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I have a question, if the bees in the hive are at least 20 days old (when they swarmed), and the queen takes a good 30 days to start laying, and another 20 days for brood to emerge. It would be fine if there were many frames of brood, but without, how will they survive? Should Timedlem take a frame of brood from another hive every once in a while and put it in that one?
Yup, this is why I always add a couple frames of brood to swarms. This catapults them toward growth vs the usual population drop swarms/packages experience while getting their first round of brood out.
 

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Discussion Starter · #12 ·
unfortunately I split my other hive and both sides of the split are puttering along and I can't expect help from them
 

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Pushing them hard and thin! May want to see if you can't find a local queen available. I always keep some in some backup resource hives for instances just as this.

I think any beekeeper with a few hives should keep a strong resource nuc in standby as well. They're highly underrated.
 

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Pushing them hard and thin! May want to see if you can't find a local queen available. I always keep some in some backup resource hives for instances just as this.

I think any beekeeper with a few hives should keep a strong resource nuc in standby as well. They're highly underrated.
I agree. Many people may not be able to keep any more than one or vet few hives, but might be able to add a nuc or two. This opens up so many options for situations like this or countless other desperate situations that can develop.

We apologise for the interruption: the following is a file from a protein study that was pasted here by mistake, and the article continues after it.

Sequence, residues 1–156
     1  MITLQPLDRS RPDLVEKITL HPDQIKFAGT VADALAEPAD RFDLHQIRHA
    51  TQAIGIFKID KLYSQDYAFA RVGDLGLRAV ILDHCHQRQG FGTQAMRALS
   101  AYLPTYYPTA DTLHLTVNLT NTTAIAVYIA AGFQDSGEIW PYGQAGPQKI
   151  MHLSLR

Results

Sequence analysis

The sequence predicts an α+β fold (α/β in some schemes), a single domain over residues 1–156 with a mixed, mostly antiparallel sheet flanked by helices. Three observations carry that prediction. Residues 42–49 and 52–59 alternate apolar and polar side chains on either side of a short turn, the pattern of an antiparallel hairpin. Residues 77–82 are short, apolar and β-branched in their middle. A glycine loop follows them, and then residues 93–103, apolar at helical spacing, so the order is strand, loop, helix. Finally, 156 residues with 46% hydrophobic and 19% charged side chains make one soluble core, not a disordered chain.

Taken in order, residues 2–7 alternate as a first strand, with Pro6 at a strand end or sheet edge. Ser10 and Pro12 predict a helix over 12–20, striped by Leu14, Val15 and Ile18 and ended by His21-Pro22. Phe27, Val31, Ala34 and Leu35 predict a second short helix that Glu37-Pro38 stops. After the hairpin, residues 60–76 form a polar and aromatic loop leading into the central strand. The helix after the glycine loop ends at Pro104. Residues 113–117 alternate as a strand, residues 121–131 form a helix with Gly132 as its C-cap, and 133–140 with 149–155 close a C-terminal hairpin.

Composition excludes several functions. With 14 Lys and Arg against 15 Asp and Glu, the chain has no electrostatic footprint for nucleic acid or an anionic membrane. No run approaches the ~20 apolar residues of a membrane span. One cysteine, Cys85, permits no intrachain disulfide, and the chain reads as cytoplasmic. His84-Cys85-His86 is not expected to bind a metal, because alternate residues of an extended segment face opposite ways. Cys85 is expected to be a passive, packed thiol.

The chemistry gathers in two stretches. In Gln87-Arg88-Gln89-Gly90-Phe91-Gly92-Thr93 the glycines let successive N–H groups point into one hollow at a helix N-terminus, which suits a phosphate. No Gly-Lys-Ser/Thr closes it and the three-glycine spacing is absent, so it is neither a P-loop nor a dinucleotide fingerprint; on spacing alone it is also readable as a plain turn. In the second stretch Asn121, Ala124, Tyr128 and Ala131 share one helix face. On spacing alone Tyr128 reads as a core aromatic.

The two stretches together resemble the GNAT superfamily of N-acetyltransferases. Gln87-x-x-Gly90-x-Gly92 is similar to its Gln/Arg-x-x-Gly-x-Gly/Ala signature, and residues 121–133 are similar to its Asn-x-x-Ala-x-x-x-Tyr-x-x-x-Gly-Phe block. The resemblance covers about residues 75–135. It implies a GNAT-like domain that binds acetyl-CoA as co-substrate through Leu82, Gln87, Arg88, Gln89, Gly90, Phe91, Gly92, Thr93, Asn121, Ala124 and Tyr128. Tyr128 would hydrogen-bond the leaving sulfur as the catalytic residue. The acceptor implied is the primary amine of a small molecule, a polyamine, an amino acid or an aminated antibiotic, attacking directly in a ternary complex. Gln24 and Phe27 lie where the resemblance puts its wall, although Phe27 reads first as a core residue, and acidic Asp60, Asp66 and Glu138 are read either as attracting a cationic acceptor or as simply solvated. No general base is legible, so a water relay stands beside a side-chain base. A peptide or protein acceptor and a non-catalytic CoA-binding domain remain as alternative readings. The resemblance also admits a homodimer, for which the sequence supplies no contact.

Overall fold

Think of a spare nuc as a box of spare parts. I wish I had learned that years ago.
 

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I never really got the "bug" to mark queens.
fine if you wish, but realize at time you will create an issue.

GG
 

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What issue?
maybe pinch her
maybe drop her in the grass, maybe bees will not like her.
she flys off
etc

Many threads here that start with , I marked my queen then XYZ happened.
Many/most of the time if the box was not opened the issue would not have happened.

I basically am not good enough to risk my queens AND the value to me is also not worth the risk.
Sure I could mark a 100 drones and then get good at it, but I have a few lids and bottoms to build , then move NUCs into bigger hives , then Super... I am A 1 man show and marking queens I did not do or hear of for the first 20 years so I have learned to live with out it.

GG
 

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Operator error is with us always, the first group of 32 that I clipped and marked, I killed 50% of them. The second group of 32 I only killed 25%, and after those I can't remember having killed any due to my being ham fisted.

Marking is an aid to those of us that are experiencing failing vision, not so much with the light colored queens, but the dark races can sometimes be tricky to find. The clipping of a wing is of more value to me than marking as it buys me some time during the swarming period.